How Neighbors Can Help Each Other Be Resilient

Dec 19, 2019

In a natural disaster, you may not be able to get help from first responders right away. Your neighbors may be the only people who can help you. For this month's story in our series on Oregon’s Natural Resources and Resilience funded by the University of Oregon Wayne Morse Center for Law and Politics, we found neighbors in Eugene who are working together to plan for disaster.


On a recent morning, a group of neighbors gathered in Tom Peck’s living room in his house on Friendly Street in Eugene. They are the emergency preparedness team of the Friendly Area Neighborhood Association. Peck says the team is pushing for preparedness on the individual and local level.

“People have no idea how important this is until a disaster happens and they realize the shortcomings and most communities are so unprepared on a local level, city, county, state level.” Peck says.

Peck is helping organize a day-long first-aid training for neighbors. The group is also spearheading what’s called “Map Your Neighborhood”.

“The primary goal of Map your Neighborhood is people knowing their neighbors.” Says Deb Jones, who’s another Friendly Area neighbor. “Knowing who lives next door. Knowing if they have special needs but also knowing what skills or resources people have.”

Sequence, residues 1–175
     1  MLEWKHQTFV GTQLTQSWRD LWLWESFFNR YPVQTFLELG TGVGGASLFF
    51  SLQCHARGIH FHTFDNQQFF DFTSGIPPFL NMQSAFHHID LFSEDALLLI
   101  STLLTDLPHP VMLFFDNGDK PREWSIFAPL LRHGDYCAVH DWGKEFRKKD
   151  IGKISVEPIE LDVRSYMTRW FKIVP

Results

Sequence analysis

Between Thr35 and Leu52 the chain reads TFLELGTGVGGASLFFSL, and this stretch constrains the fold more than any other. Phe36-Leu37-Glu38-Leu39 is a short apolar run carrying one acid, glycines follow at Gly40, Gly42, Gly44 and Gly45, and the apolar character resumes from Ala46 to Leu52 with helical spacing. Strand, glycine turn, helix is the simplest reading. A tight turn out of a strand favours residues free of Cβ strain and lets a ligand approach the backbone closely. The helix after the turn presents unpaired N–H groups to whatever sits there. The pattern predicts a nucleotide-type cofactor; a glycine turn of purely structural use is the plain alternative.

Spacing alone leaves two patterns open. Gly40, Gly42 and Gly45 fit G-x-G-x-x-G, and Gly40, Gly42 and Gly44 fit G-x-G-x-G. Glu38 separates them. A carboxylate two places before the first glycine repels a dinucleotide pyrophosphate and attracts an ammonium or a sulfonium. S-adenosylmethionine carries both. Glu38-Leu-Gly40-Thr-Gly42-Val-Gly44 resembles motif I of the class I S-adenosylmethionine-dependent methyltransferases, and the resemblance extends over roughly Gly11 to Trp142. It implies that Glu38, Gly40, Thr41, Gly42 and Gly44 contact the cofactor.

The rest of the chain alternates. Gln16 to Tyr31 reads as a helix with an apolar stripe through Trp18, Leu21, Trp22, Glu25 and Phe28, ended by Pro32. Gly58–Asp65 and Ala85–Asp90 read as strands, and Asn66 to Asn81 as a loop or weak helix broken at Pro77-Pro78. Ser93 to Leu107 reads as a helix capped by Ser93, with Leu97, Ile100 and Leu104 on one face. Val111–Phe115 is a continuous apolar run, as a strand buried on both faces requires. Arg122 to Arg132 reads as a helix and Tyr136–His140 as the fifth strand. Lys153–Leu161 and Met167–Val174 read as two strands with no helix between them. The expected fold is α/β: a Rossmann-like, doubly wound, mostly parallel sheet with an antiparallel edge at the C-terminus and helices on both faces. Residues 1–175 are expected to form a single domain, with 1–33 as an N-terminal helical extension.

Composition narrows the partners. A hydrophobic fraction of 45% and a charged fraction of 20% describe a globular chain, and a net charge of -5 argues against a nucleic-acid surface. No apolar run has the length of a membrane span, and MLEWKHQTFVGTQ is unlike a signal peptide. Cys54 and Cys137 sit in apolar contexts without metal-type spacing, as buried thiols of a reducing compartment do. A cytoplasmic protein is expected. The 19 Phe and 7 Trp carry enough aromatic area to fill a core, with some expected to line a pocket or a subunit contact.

Jones says since they started 2 years ago, they’ve gotten about a 3rd of the neighborhood mapped. She says it’s challenging to get people involved but that it’s essential for emergency preparedness.

“I just think that neighbors talking to each other is really the basis of all this.” Says Jones,  “Of knowing who lives near you and being comfortable enough to interact with them on some regular basis. Once you have that, then it’s so much easier to do all kinds of things- working in mutual support of each other.” Interact

The “Map Your Neighborhood” tool was developed in Washington State. Lane County Emergency Manager Patence Winningham says the idea is to have neighbors prepared to help each other because in a major disaster first responders will be overwhelmed.

A USGS map of the Cascadia Subduction Zone.
Credit USGS

“There’s an expectation that you call 911 and someone’s going to be there in 3 to 5 minutes and that’s not necessarily the case.” Winningham says, “So we need to empower ourselves to be the help until help arrives.” Here in western Oregon we live with the threat of a Cascadia subduction event that would wipe out coastal communities and cause massive destruction up and down the I-5 corridor. Scientists say it’s a matter of when, not if.

Winningham says communities can learn from experiences like last February’s snowstorm and the ice storm 2 years ago.

“Having a plan and communicating it with your family and your neighbors will make you that much more resilient in a catastrophic event. So these little things continue to test us for the big things.”

Winningham says there are lots of resources available for neighborhood groups, but it’s up to each person to prepare.